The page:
The other day, I had a student come up to me and ask for some advice. He’s been working on several science fiction novels, and one story in particular has been hard for him to move through. “There’s just this scene that I have to write,” he complained. “It’s so boring, but I need to include the information, or else nothing afterward will make any sense. If I’m this bored while writing it, there’s no way anyone will want to read it. I’m stuck! What do I do?”
Personally, I hate writer’s block almost more than anything else. For me, it comes when I start judging my work too harshly. I’ll re-write a paragraph ten, fifteen, twenty times (not even exaggerating), and still feel like what I’ve written is clunky, boring, or just lame. This contrasts with the times when my fingers fly across the keyboard because the story seems pre-written in my head and I’m just typing it out. Hitting the metaphorical wall that is writer’s block hurts, in a very emotional-hurt kind of way. I start to worry that I’ve lost any skill I’ve had with writing. That I’ll never finish writing the chapter I’m on, much less the rest of the book. That I’ll never be able to write anything readable ever again. (Yes, my brain is ridiculously histrionic, and tends toward worst-case scenarios).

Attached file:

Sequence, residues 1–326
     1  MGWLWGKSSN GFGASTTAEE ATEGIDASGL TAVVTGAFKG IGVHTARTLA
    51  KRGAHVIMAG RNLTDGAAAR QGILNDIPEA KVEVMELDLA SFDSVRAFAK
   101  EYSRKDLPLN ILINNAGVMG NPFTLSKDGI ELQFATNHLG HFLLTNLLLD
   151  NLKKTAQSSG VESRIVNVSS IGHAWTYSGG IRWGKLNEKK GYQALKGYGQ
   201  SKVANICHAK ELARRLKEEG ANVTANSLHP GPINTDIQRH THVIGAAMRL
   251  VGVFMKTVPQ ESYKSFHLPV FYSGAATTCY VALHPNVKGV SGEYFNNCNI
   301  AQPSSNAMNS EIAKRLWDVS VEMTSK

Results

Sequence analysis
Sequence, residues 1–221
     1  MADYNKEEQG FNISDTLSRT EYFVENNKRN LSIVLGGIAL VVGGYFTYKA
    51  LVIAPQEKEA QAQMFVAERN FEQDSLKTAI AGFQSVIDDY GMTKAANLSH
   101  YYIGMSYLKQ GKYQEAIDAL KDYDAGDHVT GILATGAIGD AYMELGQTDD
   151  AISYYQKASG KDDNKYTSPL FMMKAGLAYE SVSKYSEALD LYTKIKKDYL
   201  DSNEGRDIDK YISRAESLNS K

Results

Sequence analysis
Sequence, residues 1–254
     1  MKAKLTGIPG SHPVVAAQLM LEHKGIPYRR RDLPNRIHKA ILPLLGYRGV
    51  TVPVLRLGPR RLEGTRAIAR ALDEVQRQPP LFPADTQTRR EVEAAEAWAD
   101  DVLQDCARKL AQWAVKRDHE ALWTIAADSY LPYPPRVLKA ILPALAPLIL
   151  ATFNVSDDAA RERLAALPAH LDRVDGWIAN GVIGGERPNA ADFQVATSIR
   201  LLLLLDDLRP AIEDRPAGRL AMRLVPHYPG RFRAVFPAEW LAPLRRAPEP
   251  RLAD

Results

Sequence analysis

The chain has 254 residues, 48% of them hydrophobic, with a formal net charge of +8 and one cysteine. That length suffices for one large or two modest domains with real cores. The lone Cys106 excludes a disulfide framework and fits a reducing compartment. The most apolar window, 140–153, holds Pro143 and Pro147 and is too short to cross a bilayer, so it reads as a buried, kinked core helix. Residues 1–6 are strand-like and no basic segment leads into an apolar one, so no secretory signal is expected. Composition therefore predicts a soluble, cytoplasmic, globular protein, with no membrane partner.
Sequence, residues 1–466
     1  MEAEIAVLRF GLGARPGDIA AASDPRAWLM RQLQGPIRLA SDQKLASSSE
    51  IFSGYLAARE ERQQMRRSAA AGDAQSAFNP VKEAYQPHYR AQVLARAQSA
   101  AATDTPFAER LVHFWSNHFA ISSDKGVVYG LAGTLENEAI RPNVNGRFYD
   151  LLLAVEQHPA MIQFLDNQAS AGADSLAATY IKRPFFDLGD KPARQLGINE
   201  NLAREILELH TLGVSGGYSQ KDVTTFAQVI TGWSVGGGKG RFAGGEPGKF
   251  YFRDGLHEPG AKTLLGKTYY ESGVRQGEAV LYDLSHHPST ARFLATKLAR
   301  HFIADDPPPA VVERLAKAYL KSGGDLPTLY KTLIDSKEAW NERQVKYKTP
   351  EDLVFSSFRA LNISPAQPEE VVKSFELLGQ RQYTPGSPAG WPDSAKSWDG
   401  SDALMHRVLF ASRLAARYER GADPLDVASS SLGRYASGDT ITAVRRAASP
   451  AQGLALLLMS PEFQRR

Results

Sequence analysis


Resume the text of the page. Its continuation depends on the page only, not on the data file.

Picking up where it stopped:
Although I don’t have a sure-fire cure for writer’s block, there is one thing I’ve found to be particularly useful when I’m faced with the beast:
When I find myself ramming my head against the wall, trying to perfect a paragraph that refuses to cooperate, I have to remind myself to take a step back. I look at my painfully messy writing, and I tell myself “you’ll come back and fix this later.” And then I move to the next scene, or the next chapter, or the next part of the story that just works. I move on to convince myself that I can still write, and that this story that I’m crafting is actually going somewhere beyond the scene I’m struggling with.
As the amazing movie, Meet the Robinsons says, “Keep Moving Forward.”